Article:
If the takeover of Spirit Airlines by Frontier is to go ahead, the fifth-largest airline in the United States will be an ultra-low-cost carrier in the future. The no-frills approach to air travel has taken other continents by storm but has been slow to gain a foothold in the U.S. despite, or precisely because the country is so dependent on air travel. It still remains to be seen if the Biden administration’s vow to tighten antitrust enforcement will extend beyond big tech to airlines or if the deal will go ahead undisturbed, Yahoo Money reports.
As seen in data by association Airlines for America, 15% of U.S. domestic passengers were already traveling on ultra-low-cost carriers Spirit Airlines, Frontier Airlines, Sun Country Airlines and Allegiant Air in 2021. The market share of ULCCs has increased somewhat over the past years while still being a far cry from the European market, where the mothers of all ultra-low-cost carriers, Ryanair and Easyjet, transport the biggest shares of passengers ahead of Germany’s Lufthansa.
This chart shows the share of domestic U.S. air passengers traveling on the following airlines (in … [+] percent).
According to industry publication Flight Global, the ultra-low-cost model has proven successful amid the pandemic crunch, allowing the airlines in question to grow. But the U.S. air travel market is also cutthroat, and the merger is seen as a crucial step among industry analysts to keep both airlines competitive as they could share in-demand pilots and their networks complement each other.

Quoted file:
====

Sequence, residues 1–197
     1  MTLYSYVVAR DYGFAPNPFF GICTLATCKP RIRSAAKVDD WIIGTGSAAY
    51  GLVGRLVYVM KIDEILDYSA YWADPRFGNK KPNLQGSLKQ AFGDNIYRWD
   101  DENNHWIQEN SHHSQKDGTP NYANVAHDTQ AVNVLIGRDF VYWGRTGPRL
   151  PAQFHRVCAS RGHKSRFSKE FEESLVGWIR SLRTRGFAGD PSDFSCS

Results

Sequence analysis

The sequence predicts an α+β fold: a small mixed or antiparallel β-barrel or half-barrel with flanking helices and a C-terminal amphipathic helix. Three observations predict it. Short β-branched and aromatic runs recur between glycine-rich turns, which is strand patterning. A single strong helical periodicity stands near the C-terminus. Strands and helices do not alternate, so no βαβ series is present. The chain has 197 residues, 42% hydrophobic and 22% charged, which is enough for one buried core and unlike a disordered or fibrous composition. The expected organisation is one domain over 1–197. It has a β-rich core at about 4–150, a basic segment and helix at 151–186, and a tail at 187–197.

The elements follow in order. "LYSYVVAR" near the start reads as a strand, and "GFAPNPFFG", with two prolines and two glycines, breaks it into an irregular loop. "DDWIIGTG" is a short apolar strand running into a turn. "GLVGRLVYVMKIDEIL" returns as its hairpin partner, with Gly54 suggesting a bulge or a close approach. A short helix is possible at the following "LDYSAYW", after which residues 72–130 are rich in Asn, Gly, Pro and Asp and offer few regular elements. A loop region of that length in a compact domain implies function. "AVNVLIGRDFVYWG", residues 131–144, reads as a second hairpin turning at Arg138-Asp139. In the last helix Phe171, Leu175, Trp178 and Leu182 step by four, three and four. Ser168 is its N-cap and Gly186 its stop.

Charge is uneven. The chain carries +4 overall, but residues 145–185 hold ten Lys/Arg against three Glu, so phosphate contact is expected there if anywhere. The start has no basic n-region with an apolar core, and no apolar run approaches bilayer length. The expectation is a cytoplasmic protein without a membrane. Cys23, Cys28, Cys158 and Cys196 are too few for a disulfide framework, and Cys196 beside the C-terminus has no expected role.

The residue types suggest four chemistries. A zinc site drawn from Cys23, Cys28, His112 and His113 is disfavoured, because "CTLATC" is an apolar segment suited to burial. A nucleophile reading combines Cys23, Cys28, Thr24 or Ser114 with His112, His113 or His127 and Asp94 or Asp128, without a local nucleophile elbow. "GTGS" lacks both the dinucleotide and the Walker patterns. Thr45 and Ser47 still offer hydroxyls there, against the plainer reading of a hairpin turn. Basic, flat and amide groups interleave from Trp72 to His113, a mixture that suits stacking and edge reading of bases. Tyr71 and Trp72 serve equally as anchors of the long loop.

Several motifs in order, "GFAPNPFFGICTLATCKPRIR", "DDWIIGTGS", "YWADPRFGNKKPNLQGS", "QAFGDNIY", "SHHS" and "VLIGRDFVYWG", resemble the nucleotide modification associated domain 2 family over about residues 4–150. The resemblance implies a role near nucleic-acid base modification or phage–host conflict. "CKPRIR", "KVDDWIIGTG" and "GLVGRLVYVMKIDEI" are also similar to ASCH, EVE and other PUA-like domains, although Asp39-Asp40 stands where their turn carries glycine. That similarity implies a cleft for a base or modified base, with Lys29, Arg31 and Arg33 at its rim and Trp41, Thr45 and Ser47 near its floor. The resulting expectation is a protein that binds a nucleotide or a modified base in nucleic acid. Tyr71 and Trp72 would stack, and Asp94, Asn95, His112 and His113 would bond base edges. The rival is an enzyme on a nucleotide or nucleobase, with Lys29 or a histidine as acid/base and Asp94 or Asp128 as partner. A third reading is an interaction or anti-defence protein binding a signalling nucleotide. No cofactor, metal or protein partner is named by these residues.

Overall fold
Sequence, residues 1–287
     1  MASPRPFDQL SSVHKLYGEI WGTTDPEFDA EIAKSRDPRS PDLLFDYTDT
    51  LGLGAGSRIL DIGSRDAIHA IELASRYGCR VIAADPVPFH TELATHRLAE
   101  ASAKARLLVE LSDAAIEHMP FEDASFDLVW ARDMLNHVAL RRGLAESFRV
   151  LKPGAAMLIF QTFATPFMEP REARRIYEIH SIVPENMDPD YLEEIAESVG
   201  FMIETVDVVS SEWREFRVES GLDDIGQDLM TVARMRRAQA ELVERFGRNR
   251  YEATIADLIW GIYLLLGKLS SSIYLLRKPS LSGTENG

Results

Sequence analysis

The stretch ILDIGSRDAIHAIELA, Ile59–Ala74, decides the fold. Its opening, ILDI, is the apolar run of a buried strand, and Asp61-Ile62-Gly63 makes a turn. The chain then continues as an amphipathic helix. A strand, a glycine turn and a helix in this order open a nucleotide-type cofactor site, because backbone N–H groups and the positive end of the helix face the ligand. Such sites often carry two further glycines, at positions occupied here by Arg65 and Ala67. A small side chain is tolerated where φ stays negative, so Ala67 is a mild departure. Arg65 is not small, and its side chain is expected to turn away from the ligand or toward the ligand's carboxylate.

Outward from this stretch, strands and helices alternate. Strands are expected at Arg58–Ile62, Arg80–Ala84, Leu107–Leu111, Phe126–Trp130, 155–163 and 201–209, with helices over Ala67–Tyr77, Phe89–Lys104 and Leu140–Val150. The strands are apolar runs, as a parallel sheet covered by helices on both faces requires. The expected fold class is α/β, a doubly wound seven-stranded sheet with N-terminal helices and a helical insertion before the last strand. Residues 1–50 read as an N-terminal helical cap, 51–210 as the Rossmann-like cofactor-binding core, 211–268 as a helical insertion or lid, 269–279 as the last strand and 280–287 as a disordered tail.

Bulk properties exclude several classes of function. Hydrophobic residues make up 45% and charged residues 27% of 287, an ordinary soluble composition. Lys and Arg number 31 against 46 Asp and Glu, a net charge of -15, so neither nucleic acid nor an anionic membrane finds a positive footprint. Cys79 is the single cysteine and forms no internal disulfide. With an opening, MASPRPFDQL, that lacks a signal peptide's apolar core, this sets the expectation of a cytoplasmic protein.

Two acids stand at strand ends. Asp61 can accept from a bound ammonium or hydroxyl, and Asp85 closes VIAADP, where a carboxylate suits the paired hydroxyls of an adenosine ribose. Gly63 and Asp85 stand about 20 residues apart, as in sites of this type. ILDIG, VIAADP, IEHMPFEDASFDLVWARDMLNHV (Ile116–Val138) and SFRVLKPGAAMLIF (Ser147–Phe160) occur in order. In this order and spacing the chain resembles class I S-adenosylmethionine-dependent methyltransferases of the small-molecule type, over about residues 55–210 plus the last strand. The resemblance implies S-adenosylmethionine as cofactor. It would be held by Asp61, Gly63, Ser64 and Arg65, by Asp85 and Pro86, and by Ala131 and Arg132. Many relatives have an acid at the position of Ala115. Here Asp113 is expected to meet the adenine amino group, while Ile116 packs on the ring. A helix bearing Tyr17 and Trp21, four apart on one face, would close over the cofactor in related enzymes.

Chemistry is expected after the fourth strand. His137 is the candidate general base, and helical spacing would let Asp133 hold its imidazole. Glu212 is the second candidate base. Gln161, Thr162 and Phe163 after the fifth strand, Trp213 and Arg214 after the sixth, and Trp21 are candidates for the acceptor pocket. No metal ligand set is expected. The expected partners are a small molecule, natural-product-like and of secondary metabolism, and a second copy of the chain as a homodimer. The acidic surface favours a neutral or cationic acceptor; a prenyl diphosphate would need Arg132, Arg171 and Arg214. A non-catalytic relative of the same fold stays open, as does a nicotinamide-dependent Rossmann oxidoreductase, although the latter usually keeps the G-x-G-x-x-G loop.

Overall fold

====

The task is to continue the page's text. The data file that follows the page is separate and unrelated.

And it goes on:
While the market share of ULCCs remains rather low, most Americans will be familiar with one lower-cost airline taking up a big market share in the country – Southwest Airlines. As with Jet Blue or regional carriers Alaskan Airlines and Hawaiian Airlines, Southwest’s lower-cost approach is not that much different from traveling domestically on a full-service carrier like Delta Air Lines, American Airlines or United Airlines.
This is due to the fact that domestic full-service routes in the U.S. already have pared-down offerings – think no checked bags or meal service – compared with traveling internationally. No assigned seats is one of the lower-cost markers that Southwest maintains, while its baggage policy goes beyond that of most domestic full-service flights and its use of secondary airports has also declined. This is in stark contrast with packages sold by Frontier and Spirit, which charge extra for everything from carry-on bags to refreshments and even reclining seats and in-person check-in.
Is America ready for ultra-low-cost flying?
Lastly, why has the ultra-low-cost model not caught on as quickly in North America? According to Condé Nast Traveler, the busy U.S. air travel market had made full-service airlines more competitive earlier on, introducing the above-mentioned distinctions between domestic and international service to keep prices low at least in relation to the long distances within the United States. European budget airlines encountered less prepared full-service carriers that were severely overpriced and therefore restrictive to air travel within the continent. This led many Europeans to travel by car, bus or train within Europe in the past. When budget airlines popped up, cheap air travel within Europe was embraced by a new clientele which savored the fresh possibility of low-cost vacations or weekend getaways while being unperturbed by the obvious shortcoming in the comfort and convenience departments.
Americans, on the other hand, have been used to frequent air travel and were therefore slower to warm to a different mode of flying. Yet, as the market reshuffles under pandemic conditions, ultra-low-cost will continue its steady run on the U.S. market or even accelerate its attack with a new Spirit/Frontier national budget network.

Charted by Statista

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